Malaysia election 2022
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Men waiting for rescue during a flash flood in Klang in Malaysia’s Selangor state on November 10. Photo: Reuters

Malaysia election 2022: Washed out by floods, angry voters vow to ‘teach a lesson’ to absent leaders in coming polls

  • Some voters are angry about authorities not dealing with increased flooding and pushing, earlier than necessary, for general election
  • ‘If it rains, bring an umbrella’, said one politician; some schools, also used as polling stations and flood relief centres, have been flooded

The return of dreaded floods just days before Malaysians go to the polls on Saturday has washed away many voters’ apathy, leaving behind a sense of anger as more than 4,000 people were displaced across the country due to rising waters, which reached waist level in some areas.

Selangor, the nation’s richest state, leads the tally of displaced people with 1,244 residents from 305 families having to be relocated to 20 flood relief centres.

In Klang, a major port city in Selangor at the mouth of the Klang river, flash floods have been happening more frequently since September 2021, with massive floods on December 18 devastating the country’s most populous region and costing more than 6.1 billion ringgit (US$1.3 billion) in losses.

The lack of progress in flood mitigation since then has left many voters apathetic about the election, with over 400 households in the neighbourhood of Taman Melawis saying they will stay home on polling day, believing nothing will change their predicament.

This is exacerbated by the fact that Charles Santiago – their member of parliament since 2008, who champions the fight for better flood mitigation – has been dropped from running as a candidate due to internal party politics, despite winning by a majority of 78,773 votes in the last election.

A man rides through floodwaters near an election campaign banner. Some schools that double up as polling stations and flood relief centres have been flooded. Photo: EPA-EFE/
Hit with yet more flooding on Wednesday night, resident activist Joe Lee said many people are feeling angry about how the authorities can continue letting this happen to them while at the same time canvassing for votes.

“People here now are saying ‘let’s teach these [people] a lesson,” he said. “From apathy to ‘let’s teach them a lesson, a 180-degree turn.”

While it is no surprise that flooding happens during the regular monsoon season – known locally as tengkujuh – the public has criticised Prime Minister Ismail Sabri Yaakob and his Umno party for what they say is irresponsible and reckless election timing.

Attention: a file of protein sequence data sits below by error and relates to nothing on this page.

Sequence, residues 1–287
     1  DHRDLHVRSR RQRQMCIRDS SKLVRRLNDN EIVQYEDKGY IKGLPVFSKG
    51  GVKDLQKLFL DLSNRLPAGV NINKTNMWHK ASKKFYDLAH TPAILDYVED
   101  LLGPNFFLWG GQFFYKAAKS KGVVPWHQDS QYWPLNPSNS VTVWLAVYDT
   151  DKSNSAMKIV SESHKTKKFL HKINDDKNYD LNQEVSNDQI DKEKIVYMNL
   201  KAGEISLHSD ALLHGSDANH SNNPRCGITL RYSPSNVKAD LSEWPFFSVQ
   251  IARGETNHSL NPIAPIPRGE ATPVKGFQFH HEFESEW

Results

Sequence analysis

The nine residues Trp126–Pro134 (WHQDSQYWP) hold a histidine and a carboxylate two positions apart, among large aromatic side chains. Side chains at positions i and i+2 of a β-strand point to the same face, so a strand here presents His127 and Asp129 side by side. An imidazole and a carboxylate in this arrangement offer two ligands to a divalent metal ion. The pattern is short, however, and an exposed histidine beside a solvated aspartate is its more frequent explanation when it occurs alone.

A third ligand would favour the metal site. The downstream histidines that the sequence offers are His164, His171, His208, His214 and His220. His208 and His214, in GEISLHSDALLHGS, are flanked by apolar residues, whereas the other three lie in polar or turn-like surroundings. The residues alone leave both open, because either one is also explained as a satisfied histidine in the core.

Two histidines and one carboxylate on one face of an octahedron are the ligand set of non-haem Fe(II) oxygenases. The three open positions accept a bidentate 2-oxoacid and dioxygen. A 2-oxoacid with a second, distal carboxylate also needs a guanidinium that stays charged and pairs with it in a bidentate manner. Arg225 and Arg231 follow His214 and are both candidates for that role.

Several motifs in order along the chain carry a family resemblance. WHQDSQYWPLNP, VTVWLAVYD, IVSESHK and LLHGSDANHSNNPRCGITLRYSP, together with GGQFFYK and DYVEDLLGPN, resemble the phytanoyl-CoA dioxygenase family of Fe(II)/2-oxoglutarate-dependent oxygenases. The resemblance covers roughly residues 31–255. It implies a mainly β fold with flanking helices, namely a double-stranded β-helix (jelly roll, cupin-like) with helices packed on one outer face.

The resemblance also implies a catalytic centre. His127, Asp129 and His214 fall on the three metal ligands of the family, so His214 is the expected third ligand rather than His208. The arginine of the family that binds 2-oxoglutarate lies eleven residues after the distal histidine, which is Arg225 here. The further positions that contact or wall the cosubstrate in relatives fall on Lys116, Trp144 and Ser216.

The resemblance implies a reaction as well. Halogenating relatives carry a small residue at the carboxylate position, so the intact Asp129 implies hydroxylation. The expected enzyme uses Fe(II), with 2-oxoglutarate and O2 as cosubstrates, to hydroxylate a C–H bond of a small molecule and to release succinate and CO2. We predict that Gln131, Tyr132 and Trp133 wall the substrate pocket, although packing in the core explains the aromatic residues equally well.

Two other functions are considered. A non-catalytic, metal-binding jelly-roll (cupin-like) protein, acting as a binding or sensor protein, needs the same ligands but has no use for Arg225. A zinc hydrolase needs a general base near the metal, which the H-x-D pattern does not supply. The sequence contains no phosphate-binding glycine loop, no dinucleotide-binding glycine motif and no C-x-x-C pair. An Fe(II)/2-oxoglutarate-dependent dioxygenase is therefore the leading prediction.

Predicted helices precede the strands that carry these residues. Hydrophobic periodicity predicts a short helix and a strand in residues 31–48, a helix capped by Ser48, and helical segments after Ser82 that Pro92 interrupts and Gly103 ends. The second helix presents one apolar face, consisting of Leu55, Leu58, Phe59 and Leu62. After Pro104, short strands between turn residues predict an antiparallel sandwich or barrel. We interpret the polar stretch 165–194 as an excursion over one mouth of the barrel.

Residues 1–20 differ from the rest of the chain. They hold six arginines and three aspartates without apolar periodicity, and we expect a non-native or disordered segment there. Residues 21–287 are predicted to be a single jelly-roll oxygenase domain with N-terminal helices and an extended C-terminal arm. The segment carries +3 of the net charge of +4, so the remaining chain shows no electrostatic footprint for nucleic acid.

Umno president Ahmad Zahid Hamidi, who pressured the prime minister to trigger the election, had downplayed flooding risks, saying that while they are aware of the threat of severe weather, they will be “willing to brave the floods”.

“We can’t delay the elections any longer,” Ahmad Zahid said in September, ahead of the dissolution of parliament last month.


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This sense of urgency is at odds with the July 2023 deadline for parliament to be dissolved and is widely believed to be based on the party’s determination to secure an electoral win, having gained confidence in their strong showing in last year’s Melaka and Johor state elections.

His sentiment was echoed by party secretary general Ahmad Maslan who dismissed concerns that such timing would hamper voter turnout, saying people have no excuse not to vote.

“If it rains, bring an umbrella. For me, they have to come out and vote,” Ahmad said in October.

The prime minister as late as Wednesday gave no clear plan to mitigate the situation if widespread flooding indeed happens on polling day on Saturday.

He told reporters that if that happens, the government will discuss an alternative solution with the Election Commission.

Umno president Ahmad Zahid Hamidi, who pressured the prime minister to trigger the election and has downplayed flooding risks. File photo: AFP

“They can decide what can be done, but so far I was made to understand that these floods are just flash floods,” the prime minister said.

The Election Commission has remained silent on the topic, with its chairman refusing to take questions from the media from the start of the election process, leaving the public in the dark about what to expect.

Charles Santiago, the incumbent member of parliament for Klang, has been hammering the commission over its radio silence, particularly after at least five schools in his area, which are also used as polling stations and flood relief centres, were flooded.

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“My simple question to the commission: what happens if the polling station is flooded? What’s the procedure?” asked Santiago. “Are you deaf, dumb or both?”

Similarly, Nurul Izzah Anwar, who is defending her seat of Permatang Pauh in Penang, is asking the commission to be “objective and professional” over the flooding issue and not only act at the last minute.

Last weekend the politician waded through knee-high water at midnight to check on her constituency that was flooded after just two hours of rain, with more than 200 homes affected.

“Our fears came true,” she told local TV station Astro Awani.

Nationwide polling opens at 8am on Saturday.